Dan Small, well-known host of "Outdoors Radio" sent along this tale of his adventures on the way to the recent Outdoor Writers Association of American conference at Lake Placid, N.Y., proving he not only talks a good game, he knows how to play.
Dan Small shows the beautiful striped pattern of the 39-inch tiger muskie he landed on a fly rod from New York's St. Regis River.
On my way to Lake Placid for the Outdoor Writers Association of America conference last week, I met my brother Mike and son Jon at Jellybean's Riverside Campground on the St. Regis River in St. Lawrence County, in northern New York State. Our plan was to spend several days fly fishing for muskies, then head to the conference.
Last year on that same river, Mike caught and released a 51-inch muskie (photo attached) that was later certified as a 30-lb. tippet class world record by the Freshwater Fishing HOF in Hayward, WI. He also caught a 49.5-incher on that same river. His fly of choice: a Hawg Frawg, which he designed.
When I arrived a week ago Wednesday afternoon, Mike and Jon had fished hard with no luck for two hours from a canoe, fighting the gusting winds that preceded a strong cold front on its way across the state. The temperature had been 95 degrees in Syracuse and was still in the mid-80s in St. Lawrence County when I arrived at our campsite. Eager to get in some fishing before the storm, I didn't bother to suit up, but just grabbed one of Mike's 10-weight St. Croix rods rigged with a Hawg Frawg in what he calls a "Sting Bee" yellow/black pattern.
Dan's brother, Mike, caught this monster 51 inch pure muskie a year earlier from the same location, also on a fly rod. It's been designated the 30-pound tippet record for the species by the Freshwater Fishing Hall of Fame.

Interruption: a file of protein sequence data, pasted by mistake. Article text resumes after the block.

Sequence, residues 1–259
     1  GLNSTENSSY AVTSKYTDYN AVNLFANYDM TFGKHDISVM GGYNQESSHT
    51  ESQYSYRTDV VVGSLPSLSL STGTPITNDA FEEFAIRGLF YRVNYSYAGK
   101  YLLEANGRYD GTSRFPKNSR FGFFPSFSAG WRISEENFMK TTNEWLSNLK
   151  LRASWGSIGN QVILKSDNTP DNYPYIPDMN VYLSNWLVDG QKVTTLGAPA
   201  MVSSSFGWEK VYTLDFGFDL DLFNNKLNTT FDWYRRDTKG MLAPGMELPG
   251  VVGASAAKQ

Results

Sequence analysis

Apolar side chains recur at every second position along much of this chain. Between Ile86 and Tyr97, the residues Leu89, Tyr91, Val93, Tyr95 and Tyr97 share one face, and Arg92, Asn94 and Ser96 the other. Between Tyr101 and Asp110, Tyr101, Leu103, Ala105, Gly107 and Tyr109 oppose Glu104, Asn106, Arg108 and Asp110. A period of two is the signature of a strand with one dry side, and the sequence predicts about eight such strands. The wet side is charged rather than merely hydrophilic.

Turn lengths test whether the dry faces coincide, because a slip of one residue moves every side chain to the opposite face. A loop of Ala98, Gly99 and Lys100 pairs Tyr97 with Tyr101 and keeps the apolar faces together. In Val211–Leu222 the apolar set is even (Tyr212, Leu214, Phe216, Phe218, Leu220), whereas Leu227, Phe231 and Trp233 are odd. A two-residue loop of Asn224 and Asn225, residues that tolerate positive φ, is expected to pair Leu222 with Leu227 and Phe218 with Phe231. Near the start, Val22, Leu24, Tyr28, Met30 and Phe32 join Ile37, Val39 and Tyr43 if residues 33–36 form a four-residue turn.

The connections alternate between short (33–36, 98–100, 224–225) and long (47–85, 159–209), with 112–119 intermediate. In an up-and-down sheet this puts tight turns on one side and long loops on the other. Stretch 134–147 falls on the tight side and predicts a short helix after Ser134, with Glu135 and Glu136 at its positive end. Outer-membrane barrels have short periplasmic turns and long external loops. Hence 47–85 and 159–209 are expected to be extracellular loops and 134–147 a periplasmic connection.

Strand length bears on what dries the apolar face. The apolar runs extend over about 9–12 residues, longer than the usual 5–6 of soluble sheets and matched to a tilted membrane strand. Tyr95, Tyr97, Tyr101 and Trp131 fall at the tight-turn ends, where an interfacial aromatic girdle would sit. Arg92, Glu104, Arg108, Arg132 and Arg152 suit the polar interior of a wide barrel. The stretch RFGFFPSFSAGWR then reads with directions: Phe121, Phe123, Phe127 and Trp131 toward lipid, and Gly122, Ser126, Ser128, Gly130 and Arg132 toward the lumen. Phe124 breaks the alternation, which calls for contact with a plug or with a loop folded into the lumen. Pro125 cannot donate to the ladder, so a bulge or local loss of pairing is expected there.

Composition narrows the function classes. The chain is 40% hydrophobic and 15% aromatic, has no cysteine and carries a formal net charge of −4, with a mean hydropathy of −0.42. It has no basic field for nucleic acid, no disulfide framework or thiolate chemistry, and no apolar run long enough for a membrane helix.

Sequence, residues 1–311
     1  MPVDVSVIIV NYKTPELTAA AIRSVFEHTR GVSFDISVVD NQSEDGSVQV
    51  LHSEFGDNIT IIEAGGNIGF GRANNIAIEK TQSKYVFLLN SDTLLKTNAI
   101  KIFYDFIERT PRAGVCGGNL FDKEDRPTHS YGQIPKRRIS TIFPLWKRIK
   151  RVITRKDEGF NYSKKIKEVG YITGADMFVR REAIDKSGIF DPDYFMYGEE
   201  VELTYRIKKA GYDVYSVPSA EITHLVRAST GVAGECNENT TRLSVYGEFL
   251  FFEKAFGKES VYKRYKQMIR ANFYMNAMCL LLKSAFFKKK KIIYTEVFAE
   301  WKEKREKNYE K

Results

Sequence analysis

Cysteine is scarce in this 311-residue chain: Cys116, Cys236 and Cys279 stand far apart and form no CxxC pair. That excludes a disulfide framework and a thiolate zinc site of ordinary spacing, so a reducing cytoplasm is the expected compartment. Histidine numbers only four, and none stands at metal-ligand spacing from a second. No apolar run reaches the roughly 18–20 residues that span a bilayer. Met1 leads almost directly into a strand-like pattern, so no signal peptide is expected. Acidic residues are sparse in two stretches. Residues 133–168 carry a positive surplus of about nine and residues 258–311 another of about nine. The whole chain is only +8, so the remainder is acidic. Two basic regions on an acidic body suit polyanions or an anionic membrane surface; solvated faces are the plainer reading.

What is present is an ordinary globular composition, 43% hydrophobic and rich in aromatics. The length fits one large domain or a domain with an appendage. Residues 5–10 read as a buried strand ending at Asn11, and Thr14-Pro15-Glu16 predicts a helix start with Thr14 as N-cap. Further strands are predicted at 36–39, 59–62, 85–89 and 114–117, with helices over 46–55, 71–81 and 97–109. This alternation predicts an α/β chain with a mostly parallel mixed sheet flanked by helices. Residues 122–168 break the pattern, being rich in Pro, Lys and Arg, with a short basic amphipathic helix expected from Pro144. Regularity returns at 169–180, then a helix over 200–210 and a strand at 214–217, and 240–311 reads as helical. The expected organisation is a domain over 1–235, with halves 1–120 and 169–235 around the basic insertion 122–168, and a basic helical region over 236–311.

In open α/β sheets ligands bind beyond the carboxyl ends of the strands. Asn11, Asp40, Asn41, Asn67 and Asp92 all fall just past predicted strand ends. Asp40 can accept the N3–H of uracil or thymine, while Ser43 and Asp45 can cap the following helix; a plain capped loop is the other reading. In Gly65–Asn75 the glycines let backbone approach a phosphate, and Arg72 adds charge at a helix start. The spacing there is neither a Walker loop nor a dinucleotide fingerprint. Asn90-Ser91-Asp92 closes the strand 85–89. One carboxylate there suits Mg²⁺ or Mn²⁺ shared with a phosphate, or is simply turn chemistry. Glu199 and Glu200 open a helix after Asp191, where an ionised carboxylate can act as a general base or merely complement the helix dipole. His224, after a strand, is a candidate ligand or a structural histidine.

Wearing shorts and Crocs, I walked the shoreline of the campground where they had been fishing and made a few casts in a big backwater. Mike had tied a two-foot section of sink-tip line into the leader to make the floating fly dive a foot or so. I was casting, then stripping the fly back toward me. I had only been fishing about 10 minutes when a fish hit my fly. The fight lasted just a few minutes, but the fish that had taken hold turned out to be huge.
Mike netted the fish, then ran to get his measuring stick. When we had unhooked and measured it, we realized it was a hybrid or "tiger" muskie, a cross between a northern pike and a muskellunge. It measured 39 inches nose to tail. I did not get a circumference or weight estimate. After photos, we released the fish and it swam off strongly.
Later at the OWAA conference, I asked NY Department of Environmental Conservation fisheries biologists Doug Stang and Ed Woltmann what they knew about tigers in the St. Regis. They told me the DEC does not stock tigers or any muskies in the St. Regis, as that river is in the St. Lawrence River watershed. All muskies there are naturally spawned.
Here's the hand-tied jumbo fly, the Hawg Frog, that Mike Small designed to fool the giant predators.
They said my fish was most likely a natural hybrid produced when a male northern and female muskie happened to spawn in the same area. Woltmann also told me that the St. Lawrence was losing some shallow pike spawning habitat, which was causing some northerns to spawn later in spring and in deeper water, which may have facilitated some natural hybridization.
Wednesday night, heavy rains caused the river to rise about two feet. We fished from shore on Thursday with no luck. Jon had one strike but missed the fish.
Early Friday morning, Mike had two fish boil on flies before I hooked about a 40-incher on a big streamer pattern. I captured the strike, fight and landing of that fish on a GoPro mounted on my head, but we never got to measure it because it spit the barbless hook, bit right through the brand-new (brand name withheld to protect the manufacturer) landing net and swam off. Mike's X-rated reaction (also captured on the GoPro) was hilarious. That was the end of our muskie fishing, but I had had enough action to keep me fired up for the entire conference.